Herd immunity explained
Ending the pandemic is contingent on our ability to achieve herd immunity through vaccination. Here are the science and math that get us there.
Here we go.
MSU Denver announced on Thursday that it would no longer require fully vaccinated faculty, staff and students to wear masks. The move follows Colorado’s lead on mask-shedding recommendations and updated guidelines from the Centers for Disease Control and Prevention stating that fully vaccinated people can safely gather without a mask in most outdoor and indoor locations. It also comes on the heels of the Food and Drug Administration’s recent emergency-use authorization of the Pfizer vaccine for children ages 12-15.
For many, the reopening-policy shifts at the state and local levels represent the beginnings of a return to pre-pandemic normalcy. And the changing guidelines are underscored by a big assumption: Colorado and the country are moving closer toward so-called herd immunity through vaccination or infection. But what is the science behind herd immunity, and what is the math required to achieve it?
The CDC uses the term “community immunity,” rather than herd immunity, which it defines as a situation in which a sufficient proportion of a population is immune to an infectious disease through vaccination and/or prior illness to make its spread from person to person unlikely.
The percentage of a population required to reach herd immunity varies with each disease, said Ruben Zorrilla, M.D., medical director of the Health Center at Auraria, a tri-institutional department that provides Medical Services and Mental Health Services for all students and members of faculty and staff at Metropolitan State University of Denver, the University of Colorado Denver and Community College of Denver. For Covid-19, the percentage of the population with immunity through vaccination and/or prior illness required to reach herd immunity is estimated between 70% and 80%.
As a starting point to understand how it works, Zorrilla suggested that Coloradans envision a herd of bison.
“The group senses danger and moves the most vulnerable to the center,” he said. “It’s a similar concept with Covid. Those of us who are vaccinated or have the antibodies protect the others from disease and death.”
One goal, two paths
There are two paths to herd immunity: vaccination and infection.
Because vaccines induce a protective immune response without causing the actual disease, they’re our safest and best weapon to limit the spread along our road out of the pandemic, said infectious-disease expert Sheryl Zajdowicz, Ph.D., professor and chair of MSU Denver’s Department of Biology.
Infection, on the other hand, presents a slew of negative outcomes for individuals and communities, including protracted transmissibility and “long-haul” Covid symptoms, Zorrilla said. Critically, mass infections also provide a scattershot data set to develop further scientific and policy responses to a disease.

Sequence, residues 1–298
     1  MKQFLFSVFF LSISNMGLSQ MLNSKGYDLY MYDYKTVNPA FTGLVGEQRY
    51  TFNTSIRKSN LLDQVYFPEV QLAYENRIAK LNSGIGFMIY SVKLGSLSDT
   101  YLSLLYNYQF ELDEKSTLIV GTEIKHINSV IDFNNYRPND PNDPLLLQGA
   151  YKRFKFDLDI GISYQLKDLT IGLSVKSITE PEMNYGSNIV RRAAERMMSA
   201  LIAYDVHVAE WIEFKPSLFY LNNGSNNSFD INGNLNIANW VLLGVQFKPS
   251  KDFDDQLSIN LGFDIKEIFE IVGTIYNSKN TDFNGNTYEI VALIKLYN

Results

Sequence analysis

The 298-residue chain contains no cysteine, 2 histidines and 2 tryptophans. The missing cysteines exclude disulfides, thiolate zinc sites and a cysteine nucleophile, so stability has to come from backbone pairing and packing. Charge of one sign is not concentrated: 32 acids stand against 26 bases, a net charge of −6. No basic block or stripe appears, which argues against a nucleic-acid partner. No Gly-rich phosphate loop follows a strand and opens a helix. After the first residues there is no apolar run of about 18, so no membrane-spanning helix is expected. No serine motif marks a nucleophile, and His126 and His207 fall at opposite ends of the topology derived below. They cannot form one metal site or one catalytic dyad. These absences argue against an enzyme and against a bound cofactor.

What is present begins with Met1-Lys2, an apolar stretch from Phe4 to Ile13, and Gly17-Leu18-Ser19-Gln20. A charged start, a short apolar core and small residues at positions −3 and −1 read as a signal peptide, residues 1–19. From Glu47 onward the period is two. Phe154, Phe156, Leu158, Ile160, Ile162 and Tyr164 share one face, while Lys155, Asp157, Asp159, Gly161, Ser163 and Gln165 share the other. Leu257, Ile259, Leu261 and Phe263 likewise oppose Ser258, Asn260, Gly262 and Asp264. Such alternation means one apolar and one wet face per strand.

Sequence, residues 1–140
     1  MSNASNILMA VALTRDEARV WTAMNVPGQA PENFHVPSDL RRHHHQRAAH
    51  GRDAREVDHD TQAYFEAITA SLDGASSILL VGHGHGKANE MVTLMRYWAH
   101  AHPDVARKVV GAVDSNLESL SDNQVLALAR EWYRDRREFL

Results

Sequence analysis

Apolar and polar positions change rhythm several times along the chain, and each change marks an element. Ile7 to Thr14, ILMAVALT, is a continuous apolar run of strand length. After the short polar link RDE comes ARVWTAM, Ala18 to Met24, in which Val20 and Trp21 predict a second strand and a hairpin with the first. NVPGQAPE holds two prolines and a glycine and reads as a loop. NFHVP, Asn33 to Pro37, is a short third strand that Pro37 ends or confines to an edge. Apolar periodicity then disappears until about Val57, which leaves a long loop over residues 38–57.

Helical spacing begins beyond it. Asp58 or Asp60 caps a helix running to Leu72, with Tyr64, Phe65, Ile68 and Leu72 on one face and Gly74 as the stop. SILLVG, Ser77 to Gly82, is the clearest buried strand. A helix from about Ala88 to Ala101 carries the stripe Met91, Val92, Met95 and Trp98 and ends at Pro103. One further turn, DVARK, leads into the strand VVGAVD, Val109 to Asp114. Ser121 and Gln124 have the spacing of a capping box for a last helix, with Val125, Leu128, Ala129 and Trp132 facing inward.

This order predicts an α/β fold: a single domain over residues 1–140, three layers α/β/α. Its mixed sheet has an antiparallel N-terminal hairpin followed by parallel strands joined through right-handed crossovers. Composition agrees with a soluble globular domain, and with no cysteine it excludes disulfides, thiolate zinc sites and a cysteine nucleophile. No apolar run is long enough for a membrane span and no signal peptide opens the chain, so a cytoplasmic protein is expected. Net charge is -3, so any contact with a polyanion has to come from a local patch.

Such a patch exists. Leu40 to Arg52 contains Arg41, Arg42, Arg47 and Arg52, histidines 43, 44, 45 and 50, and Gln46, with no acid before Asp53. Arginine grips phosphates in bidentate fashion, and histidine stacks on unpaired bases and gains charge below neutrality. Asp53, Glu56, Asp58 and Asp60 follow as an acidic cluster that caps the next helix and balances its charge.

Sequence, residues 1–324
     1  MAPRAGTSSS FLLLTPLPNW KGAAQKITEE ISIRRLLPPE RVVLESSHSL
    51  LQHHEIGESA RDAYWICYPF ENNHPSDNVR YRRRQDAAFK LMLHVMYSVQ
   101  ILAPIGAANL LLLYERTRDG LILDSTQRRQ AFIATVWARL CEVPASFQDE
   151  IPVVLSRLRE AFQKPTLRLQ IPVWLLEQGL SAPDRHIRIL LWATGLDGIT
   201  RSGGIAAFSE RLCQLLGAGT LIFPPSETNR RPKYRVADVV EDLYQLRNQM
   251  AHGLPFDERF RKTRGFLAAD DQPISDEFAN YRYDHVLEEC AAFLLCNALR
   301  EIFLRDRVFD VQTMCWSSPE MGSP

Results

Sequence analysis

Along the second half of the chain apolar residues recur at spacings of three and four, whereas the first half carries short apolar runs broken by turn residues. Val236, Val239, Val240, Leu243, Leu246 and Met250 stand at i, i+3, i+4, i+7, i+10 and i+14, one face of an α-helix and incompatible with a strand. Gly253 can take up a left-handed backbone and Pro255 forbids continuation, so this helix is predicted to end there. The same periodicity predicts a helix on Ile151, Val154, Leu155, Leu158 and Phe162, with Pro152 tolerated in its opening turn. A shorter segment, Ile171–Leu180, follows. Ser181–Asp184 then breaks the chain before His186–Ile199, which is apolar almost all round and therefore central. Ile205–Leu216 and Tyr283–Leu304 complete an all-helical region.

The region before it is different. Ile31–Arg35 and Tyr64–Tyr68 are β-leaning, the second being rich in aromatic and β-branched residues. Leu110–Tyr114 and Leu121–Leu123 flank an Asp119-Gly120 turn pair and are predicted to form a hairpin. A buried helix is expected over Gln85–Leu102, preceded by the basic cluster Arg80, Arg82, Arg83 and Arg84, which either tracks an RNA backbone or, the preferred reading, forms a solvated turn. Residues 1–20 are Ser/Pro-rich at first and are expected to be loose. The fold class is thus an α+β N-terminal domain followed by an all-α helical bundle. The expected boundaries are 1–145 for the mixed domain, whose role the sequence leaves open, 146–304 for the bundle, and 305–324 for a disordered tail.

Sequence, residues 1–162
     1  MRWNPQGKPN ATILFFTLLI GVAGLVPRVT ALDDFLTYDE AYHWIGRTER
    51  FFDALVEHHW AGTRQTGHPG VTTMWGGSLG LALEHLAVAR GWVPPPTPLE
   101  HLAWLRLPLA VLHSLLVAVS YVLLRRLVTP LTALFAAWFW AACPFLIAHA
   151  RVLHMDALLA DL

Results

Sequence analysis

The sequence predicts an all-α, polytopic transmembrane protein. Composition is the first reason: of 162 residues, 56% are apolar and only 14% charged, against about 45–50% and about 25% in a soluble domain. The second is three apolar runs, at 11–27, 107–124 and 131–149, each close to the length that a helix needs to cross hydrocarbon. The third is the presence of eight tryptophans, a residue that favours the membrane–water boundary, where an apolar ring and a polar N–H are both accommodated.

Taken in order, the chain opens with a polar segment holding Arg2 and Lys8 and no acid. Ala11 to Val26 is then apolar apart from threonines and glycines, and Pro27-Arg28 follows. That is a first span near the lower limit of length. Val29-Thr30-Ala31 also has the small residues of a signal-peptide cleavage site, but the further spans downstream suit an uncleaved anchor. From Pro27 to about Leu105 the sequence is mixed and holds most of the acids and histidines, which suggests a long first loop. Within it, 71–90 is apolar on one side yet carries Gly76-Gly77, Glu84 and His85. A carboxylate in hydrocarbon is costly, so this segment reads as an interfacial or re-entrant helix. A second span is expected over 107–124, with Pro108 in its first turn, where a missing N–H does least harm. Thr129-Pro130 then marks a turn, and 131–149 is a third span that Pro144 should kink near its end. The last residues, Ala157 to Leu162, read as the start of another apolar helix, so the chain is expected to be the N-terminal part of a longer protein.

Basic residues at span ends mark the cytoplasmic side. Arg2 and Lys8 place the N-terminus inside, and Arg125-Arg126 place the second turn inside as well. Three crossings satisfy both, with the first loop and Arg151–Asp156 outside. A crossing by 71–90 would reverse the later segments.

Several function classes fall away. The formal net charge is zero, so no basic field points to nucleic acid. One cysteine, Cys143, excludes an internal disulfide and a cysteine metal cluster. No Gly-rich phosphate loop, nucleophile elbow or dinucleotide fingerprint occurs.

Through vaccination, we are able to have a clearer picture of the rate of immunity and a better understanding of the immunity that has been conferred, Zajdowicz explained.
“We can also develop boosters to drive continued herd immunity as needed,” she said.
That’s because variants, which have been present since Covid’s beginning, can drive up the population percentages required for herd immunity, Zajdowicz said.
“In the case of any infectious disease that can cause severe symptoms, an ounce of prevention is worth a pound of cure,” she said.
Achieving herd immunity is also a race against math, said Ben Dyhr, Ph.D., professor of Mathematics and Statistics at MSU Denver.
Statewide, data show a mixed bag, but one data set sticks out: Case rates are lowest where vaccination uptake is highest.
“You have competing elements,” Dyhr said. “In order to beat the virus, you have to starve it faster than it can spread. And we know that the slowing we’re seeing in many places is correlated with vaccine administration – that’s what’s happening, at least right now.”
The sharp upward and downward graphs of Covid-related data represent exponential growth and decay, he said. Linear change is a fixed numerical change over each equal time period, while “exponential” refers to a percentage rate of change with increasing differences over each fixed period.
This is because growth amounts increase (number of cases accelerates) in each unit of time for exponential growth. Decay amounts, expressed as negative numbers, also increase in each unit of time for exponential decay.
Dyhr described this as similar to the shape of a pipe organ, since pipe lengths for equal musical intervals also increase exponentially.
Following the numbers is a key strategy as campuses gear up for a full return to in-person operations this fall semester. The Health Center at Auraria has a two-pronged approach to this, said Executive Director Steve Monaco.
“Our goal as a campus community is to ensure the health and well-being of our constituents,” he said. “That requires us to both get as many people vaccinated as possible and have a regular testing strategy for those who aren’t vaccinated or showing symptoms.”
Epidemiologists increasingly agree that reaching herd immunity nationwide may be unlikely due to vaccine hesitancy and aversion; pockets of Covid outbreaks may occur across the country into the fall. However, Zorrilla said local communities such as those that compose the Auraria Campus can avoid becoming an outbreak site through high vaccination rates.
“Getting the vaccine as soon as you can allows us all to get back to enjoying our freedoms,” he said, “freedom from anxiety and freedom to live the lives we all want with our friends and family.”